Risks and prizes: the future of blockchain finance | AllAboutAlpha: trends and analysis of alternative investment


A new article by Dave Dowsett and Heather Wied, both by Invesco, examines the blockchains and the way in which this new technology, just as it moves away from its original meaning as a characteristic of cryptocurrencies, is ready to transform finance.

Dowsett and Wied argue that the blockchain "offers the possibility to drastically redefine the transactions". Because the "structures and protocols" of capital transactions remain "largely inefficient", redefining them is a promise, not a threat.

Dowsett is the global leader in Invesco's strategy, innovation and scenario planning. Wied is an advanced business analyst. For them, what promises to blockchain is that it creates a ledger that is hosted by each participant, thus allowing all parties to independently verify the integrity of the transaction, creating what is sometimes called a data democracy. Invesco, the authors tell us, has already "participated in experiments to compensate for post-trade settlements that have validated the concept using gold bars and equity securities". Continue to study the problems of scaling and implementation.

Dowsett and Wied quote in this context Invesco's global trading leader, Kevin Cronin, who expressed enthusiasm for "the liquidity for reinvestment approaching real-time agreements", because "the difference between days and minutes can have a real impact on trading strategies. "

Smart contracts

The quickest solution is the easy point to do for blockchains in finance. The probability that this will have important consequences for trading is a natural next realization. Distinct and less intuitive, there is the idea of ​​"smart contracts", as explained by Vitalik Buterin in his 2013 White Paper. It is precisely to allow the intelligent contracts that Buterin's Ether, unlike of Satoshi's Bitcoin, both built with a more robust code, encouraging the Apps, so that Ethereum has always been more than simply Ether.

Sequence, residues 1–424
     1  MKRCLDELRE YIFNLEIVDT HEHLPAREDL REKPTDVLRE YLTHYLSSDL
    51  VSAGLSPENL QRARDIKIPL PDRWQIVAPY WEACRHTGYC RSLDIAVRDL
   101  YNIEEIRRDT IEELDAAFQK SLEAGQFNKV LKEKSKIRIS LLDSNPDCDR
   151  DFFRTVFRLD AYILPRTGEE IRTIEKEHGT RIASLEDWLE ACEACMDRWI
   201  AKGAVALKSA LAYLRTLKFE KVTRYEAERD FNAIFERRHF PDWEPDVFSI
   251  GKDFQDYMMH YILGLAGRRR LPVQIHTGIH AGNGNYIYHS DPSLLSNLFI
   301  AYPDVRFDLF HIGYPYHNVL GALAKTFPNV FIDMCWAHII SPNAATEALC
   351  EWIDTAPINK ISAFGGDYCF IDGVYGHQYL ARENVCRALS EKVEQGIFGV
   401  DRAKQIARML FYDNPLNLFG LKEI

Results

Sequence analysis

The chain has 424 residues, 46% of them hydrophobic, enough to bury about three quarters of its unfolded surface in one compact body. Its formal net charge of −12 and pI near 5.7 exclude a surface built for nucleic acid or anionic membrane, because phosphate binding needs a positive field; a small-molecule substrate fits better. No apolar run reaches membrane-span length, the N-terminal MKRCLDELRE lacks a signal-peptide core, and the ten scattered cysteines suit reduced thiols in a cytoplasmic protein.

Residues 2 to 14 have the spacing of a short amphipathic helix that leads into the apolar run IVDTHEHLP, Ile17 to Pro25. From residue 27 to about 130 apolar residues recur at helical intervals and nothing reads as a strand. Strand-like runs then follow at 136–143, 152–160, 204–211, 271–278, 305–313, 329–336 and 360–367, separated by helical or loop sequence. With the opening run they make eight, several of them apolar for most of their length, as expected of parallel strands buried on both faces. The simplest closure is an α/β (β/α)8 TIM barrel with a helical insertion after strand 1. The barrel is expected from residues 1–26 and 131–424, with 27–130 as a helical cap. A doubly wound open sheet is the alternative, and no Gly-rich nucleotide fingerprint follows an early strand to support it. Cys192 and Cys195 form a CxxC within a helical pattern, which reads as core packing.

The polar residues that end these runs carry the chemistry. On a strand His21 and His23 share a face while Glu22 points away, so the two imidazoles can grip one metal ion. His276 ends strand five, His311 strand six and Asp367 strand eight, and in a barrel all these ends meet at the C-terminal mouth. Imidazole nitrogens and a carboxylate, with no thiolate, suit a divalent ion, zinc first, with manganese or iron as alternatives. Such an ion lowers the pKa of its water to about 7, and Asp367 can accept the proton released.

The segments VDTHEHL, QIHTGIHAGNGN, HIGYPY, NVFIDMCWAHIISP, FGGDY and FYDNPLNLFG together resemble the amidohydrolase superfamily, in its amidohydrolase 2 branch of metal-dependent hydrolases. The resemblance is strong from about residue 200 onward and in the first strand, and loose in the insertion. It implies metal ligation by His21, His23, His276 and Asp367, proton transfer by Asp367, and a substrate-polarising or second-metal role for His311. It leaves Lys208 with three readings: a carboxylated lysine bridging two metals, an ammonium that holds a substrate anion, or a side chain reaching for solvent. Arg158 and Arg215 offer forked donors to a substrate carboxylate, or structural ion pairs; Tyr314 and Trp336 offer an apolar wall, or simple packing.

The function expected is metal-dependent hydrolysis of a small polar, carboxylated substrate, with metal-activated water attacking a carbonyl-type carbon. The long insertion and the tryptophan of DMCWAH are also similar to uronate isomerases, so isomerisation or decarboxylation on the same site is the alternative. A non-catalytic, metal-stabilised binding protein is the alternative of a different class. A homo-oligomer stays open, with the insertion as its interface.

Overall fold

In September 2017, when the Cambridge Center for Alternative Finance came out with a survey on the diffusion of distributed ledger technology, the CCAF found that two-thirds of its respondents claimed to use some kind of intelligent contract capability enabled to DLT.

How do smart contracts mitigate existing inefficiencies? Dowsett and Wield have a multi-part response: for example, they help digitize the customer's life cycle, making the rates more transparent and verifiable. They also help with derivatives, where the traditional manual processing of operations has long been complicated and time-consuming. Beyond that, KYC and AML information can be incorporated into smart contracts, reducing compliance headaches.

Beyond ETFs

Dowsett and Wied also suggest that the blockchain is giving birth to a new generation of funds traded on the stock exchange, which "will further increase disintermediation and perhaps the interruption".

A blockchain-trading fund (BTF) can cut custodians, exchanges and banks, reducing costs and "opening a 24 × 7 business cycle".

Risks and a Leapfrog effect

With the benefits of an extensive use of blockchains in finance, there are risks, and even the Invesco article discusses them. DLT, by its nature, does not have a specific position or a central administrator. This problem raises "substantial obstacles in terms of jurisdiction and applicable law," say Dowsett and Wied. It means that the creation of a regulatory framework "is likely to turn out to be a polemical affair", with all the uncertainty linked to the dispute.

Related to this: it is an industry with an 'environmental footprint, in terms of computing power, associated currency mines and energy consumption needed.

More generally: every interruption has losers. This, after all, is the reason why the word "perturbation" has had a negative connotation until recently.

Dowsett and Wied end up with an observation on India. The subcontinent may be ready to become a leader in the blockchain world, largely because it lacks legacy technologies that could hold it back. "There is little reason for a country like India to invest in systems such as ATMs, or even contactless credit cards," they write, "when it might be easier and cheaper to adopt a method of much faster and simpler transaction. "Through smartphones, cryptocurrencies and, yes, blockchains.

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